Connect To The Youth In Your Family By Connecting Them To Their Family History

Wednesday, March 13, 2013

The Acorn Club

I have to tell you about the most wonderful resource in Great Britain that I learned about last year but then had a chance to reconnect with a couple of weeks ago when I was speaking and showing off the new book at Who Do You Think You Are Live. The Devon County Family History Society has developed some wonderful resources for the youth in that area. They have a program called the Acorn club that they take into local schools to teach children about family history. It must be a Janet thing--Janet Few and Janet Henwood and several other people not named Janet ;) have developed online resources you can see at They have promised to put up more of the resources they have developed so that others can use them to inspire the children in their lives.

They let me take a few snapshots of the packet have for the children they work with.

It was a wonderful packet of resources for the kids. They have done such a fantastic job of assembling resources and I'm so glad they are willing to share.

I also had a wonderful talk with Chris Braund about the work he and Janet Few do in schools with living history. They go in as 17th century people and teach kids about what life was like. They make them do the washing up, but first they have to haul the water, chop the wood to heat the water, etc. and it is so eye opening to kids. Just like in my recent Family Tree Magazine article, when you actually live it you learn so much that you never would have supposed by only studying history. It teaches such a great perspective and attitude of gratitude to kids. I wish they could come teach in our schools.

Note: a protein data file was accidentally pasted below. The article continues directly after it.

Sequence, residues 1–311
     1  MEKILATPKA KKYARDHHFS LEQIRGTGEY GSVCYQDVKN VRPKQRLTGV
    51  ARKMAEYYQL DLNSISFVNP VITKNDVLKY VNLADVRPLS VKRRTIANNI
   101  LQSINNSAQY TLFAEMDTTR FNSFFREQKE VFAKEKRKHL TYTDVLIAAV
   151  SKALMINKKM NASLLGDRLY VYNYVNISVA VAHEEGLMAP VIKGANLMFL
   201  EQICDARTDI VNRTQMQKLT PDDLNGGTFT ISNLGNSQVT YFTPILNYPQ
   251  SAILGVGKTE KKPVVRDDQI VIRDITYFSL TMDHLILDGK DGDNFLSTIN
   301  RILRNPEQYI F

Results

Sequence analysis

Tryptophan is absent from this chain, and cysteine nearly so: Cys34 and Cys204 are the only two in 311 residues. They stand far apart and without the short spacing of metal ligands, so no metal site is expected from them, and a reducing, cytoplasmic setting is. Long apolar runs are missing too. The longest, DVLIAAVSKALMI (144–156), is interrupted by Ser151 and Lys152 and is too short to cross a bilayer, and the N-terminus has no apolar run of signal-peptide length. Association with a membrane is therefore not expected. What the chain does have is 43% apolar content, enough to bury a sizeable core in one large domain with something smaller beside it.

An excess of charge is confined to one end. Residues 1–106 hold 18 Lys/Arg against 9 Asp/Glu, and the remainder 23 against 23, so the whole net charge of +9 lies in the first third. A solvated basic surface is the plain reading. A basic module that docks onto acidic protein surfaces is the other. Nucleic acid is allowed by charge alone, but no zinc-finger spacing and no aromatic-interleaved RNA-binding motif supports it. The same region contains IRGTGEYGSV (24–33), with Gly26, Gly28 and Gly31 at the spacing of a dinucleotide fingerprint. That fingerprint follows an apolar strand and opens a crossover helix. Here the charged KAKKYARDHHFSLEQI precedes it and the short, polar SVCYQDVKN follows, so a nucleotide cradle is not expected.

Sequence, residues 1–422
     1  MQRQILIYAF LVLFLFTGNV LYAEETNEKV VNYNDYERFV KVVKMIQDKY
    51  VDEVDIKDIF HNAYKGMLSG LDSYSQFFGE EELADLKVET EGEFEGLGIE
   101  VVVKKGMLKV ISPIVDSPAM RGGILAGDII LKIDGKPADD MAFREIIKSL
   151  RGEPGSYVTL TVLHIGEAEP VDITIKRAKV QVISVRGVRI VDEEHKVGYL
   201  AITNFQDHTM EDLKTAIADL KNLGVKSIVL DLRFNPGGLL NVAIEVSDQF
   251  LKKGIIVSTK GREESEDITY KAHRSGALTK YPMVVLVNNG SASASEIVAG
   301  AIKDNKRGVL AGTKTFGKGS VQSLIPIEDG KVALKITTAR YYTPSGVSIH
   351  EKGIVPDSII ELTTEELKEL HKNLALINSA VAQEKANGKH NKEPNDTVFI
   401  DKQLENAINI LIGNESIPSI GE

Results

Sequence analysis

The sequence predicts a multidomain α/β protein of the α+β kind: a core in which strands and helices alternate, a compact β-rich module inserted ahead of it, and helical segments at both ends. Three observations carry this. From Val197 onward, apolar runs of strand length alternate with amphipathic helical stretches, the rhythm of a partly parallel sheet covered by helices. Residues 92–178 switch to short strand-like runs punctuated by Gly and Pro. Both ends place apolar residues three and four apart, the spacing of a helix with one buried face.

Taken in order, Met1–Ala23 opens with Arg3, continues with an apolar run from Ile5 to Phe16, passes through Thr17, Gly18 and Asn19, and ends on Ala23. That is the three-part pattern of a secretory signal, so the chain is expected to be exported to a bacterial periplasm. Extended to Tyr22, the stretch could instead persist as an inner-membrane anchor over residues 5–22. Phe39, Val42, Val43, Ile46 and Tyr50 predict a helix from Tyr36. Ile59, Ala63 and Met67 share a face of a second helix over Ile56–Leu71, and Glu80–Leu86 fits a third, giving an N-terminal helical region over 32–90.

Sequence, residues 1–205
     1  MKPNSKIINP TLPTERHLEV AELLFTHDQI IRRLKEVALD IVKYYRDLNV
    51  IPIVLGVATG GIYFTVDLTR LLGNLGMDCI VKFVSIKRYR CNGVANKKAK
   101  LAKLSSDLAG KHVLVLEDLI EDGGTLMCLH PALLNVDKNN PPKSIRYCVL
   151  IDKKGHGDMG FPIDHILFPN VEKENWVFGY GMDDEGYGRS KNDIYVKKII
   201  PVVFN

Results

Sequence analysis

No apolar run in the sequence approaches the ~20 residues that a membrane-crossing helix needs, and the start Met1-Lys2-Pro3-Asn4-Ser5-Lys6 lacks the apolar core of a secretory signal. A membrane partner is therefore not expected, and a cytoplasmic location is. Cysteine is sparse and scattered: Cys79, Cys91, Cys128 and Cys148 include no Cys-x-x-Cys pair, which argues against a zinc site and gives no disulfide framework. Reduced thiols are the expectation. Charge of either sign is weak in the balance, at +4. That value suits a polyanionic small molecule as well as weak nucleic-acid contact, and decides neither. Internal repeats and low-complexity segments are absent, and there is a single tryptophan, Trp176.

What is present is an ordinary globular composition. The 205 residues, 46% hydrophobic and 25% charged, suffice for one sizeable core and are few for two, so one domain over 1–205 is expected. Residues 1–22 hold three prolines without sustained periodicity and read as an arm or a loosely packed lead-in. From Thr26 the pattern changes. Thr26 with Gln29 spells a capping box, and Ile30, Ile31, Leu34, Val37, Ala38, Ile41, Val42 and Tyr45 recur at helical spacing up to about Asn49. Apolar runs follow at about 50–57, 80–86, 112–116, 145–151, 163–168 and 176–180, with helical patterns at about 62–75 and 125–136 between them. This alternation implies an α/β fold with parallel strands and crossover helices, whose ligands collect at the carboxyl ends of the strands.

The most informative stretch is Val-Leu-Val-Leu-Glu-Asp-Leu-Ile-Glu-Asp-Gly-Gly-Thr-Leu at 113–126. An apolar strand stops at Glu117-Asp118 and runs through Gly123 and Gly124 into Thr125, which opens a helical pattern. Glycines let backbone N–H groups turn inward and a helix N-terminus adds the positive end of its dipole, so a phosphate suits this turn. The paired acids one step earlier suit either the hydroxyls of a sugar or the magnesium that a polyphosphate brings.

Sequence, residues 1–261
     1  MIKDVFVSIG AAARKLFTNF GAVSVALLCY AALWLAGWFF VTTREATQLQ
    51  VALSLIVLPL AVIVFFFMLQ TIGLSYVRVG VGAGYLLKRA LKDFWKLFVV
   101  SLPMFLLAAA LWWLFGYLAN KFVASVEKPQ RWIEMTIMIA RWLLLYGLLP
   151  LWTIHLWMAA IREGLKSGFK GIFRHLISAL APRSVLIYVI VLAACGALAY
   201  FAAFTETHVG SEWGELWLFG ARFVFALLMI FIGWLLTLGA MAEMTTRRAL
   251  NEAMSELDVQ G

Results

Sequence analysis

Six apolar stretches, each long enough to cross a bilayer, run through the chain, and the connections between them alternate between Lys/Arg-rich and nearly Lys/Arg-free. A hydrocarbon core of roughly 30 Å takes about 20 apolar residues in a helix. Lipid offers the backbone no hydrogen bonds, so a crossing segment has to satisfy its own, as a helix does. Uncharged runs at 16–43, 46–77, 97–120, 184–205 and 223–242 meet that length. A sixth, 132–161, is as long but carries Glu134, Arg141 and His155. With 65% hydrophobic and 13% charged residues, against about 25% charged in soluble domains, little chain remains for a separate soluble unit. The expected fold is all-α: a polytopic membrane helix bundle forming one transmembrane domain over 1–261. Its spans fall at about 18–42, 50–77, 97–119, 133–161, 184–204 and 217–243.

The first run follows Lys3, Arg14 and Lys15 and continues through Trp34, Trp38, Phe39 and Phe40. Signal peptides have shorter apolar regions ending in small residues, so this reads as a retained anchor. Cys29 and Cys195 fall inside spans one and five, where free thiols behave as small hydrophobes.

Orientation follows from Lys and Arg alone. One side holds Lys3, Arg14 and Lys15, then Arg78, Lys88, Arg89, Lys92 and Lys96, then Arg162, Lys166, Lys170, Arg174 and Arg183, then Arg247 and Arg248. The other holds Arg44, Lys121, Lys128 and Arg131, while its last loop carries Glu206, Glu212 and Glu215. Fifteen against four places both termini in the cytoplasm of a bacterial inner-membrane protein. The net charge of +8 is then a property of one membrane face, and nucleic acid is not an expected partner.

I had some great discussions with Chris and Janet about how families are changing and how tricky it is on a school level to teach children about the family. Chris thinks things dramatically changed with the advent of television and I think he is right. Families used to talk more about their history and about themselves and numerous generations used to live closer--sometimes even under one roof. Now we are not only spread out more but mealtimes are spent in front of the television instead of talking to each other.

On top of that, we talked about how families have changed so that when you start talking about a child's family structure in school it is kind of tough. They've had challenges with children having a hard time distinguishing between multiple step families and live in lover's families. So with the Acorn Society they often start with surnames. Even that has been problematic at times with changing families but it seems to work best. And then they move on to all sorts of other fun things.

That illustrates exactly why children need to know about their history so much. Even in cases where the last couple of generations have made messes, family history teaches a child about the people before. And they can proceed forward into the future with greater understanding and a greater sense of who they are. So go check out what the Acorn club is doing.

And perhaps you could start a club in your school.

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